The fish is called Regalecus russelii or the Streamer fish. It is a member of the Oarfish family and lives 1,000m beneath the sea and is rarely seen on the surface unless sick or dying. They also happen to look like some sort of mythical sea serpent.
It’s no wonder that there is a legend surrounding the fish.
In Japanese folklore the Oarfish acts as a messenger of warning from the Sea God’s Palace. Whenever they appear on the beaches of Japan, an earthquake is imminent.
In March 2010 the Daily Telegraph and the Japan Times reported that unusually high numbers of oarfish had been found on the coast of Japan. The Daily Telegraph in particular warned that this was a sign of impending doom. A year and one terrible earthquake later the claims could seem to have been justified.
Here is where taking a step back and focusing on the facts comes in handy. There is currently no scientific evidence whatsoever to suggest that there is a link between the two events.
The oarfish is an extraordinary looking animal. Finding a fish that looks like a sea serpent is likely to make a strong impression on anybody’s mind. If a second extraordinary thing such as an earthquake happens later on, it is human nature to connect the two events even if there is no actual connection between them.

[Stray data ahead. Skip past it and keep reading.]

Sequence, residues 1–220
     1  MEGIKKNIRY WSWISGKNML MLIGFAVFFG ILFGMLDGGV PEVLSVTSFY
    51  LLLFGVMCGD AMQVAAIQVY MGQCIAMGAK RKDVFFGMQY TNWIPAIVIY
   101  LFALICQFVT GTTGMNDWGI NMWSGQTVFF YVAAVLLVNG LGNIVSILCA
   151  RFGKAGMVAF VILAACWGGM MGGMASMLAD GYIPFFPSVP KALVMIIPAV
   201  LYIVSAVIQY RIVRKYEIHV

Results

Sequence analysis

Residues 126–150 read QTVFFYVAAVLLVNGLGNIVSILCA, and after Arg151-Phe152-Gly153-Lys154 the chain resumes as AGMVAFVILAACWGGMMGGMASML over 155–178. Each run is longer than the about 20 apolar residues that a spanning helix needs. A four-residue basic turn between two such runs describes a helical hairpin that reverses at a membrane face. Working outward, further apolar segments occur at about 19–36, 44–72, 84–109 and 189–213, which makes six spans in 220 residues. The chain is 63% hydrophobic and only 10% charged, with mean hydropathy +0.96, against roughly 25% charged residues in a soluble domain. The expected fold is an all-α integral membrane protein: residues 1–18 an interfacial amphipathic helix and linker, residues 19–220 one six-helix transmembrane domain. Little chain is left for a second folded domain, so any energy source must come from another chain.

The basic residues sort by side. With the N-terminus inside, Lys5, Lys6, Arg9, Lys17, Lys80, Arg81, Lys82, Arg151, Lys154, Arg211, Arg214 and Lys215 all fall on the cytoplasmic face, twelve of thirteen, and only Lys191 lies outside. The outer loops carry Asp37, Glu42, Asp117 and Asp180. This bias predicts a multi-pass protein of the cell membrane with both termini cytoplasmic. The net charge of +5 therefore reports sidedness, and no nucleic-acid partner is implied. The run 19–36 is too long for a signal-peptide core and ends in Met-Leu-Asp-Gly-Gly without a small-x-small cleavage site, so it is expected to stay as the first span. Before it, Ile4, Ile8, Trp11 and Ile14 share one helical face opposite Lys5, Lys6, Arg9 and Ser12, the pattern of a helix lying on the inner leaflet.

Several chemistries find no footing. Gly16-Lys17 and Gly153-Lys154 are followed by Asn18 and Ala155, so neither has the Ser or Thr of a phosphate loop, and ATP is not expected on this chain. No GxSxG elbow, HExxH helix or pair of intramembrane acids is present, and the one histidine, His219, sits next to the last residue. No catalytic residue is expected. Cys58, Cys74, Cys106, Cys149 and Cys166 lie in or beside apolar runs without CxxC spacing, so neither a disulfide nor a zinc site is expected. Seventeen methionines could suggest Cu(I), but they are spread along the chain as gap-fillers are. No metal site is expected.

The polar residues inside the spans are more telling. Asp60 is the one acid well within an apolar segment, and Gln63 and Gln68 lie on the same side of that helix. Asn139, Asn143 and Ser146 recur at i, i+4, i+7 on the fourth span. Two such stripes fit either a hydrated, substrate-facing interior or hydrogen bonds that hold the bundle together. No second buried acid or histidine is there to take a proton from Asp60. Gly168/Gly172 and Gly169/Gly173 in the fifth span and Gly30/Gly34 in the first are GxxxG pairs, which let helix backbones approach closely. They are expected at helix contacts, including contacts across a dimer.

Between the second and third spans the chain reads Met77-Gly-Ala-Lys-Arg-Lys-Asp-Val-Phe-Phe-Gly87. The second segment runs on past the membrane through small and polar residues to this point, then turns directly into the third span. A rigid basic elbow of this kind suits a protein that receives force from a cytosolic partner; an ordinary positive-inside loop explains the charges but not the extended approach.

It is of course possible that the Streamer fish is sensitive to seismic activity but we don’t actually know enough about the animal to judge. The only sighting of an oarfish at depth (i.e. in its natural habitat) was in 2008. We don’t know how many there are, know very little about their distribution, almost nothing about their behaviour and are still unsure about much of their physiology. The estimates of how big the Streamer fish can grow for example varies between 3 and 15m. There is as yet no real information to work from.
The idea that the oarfish can predict earthquakes is filled with unknowns and, for now, remains a myth. What it has shown however, is how little information there is on deep sea creatures when we need it. There are huge amounts of research that still need to be done on marine life and what could be discovered is surely worth the risk and expense of getting to it. There is a 270kg, 15m fish down in the deep that we’ve only ever seen once. Just give me a submarine!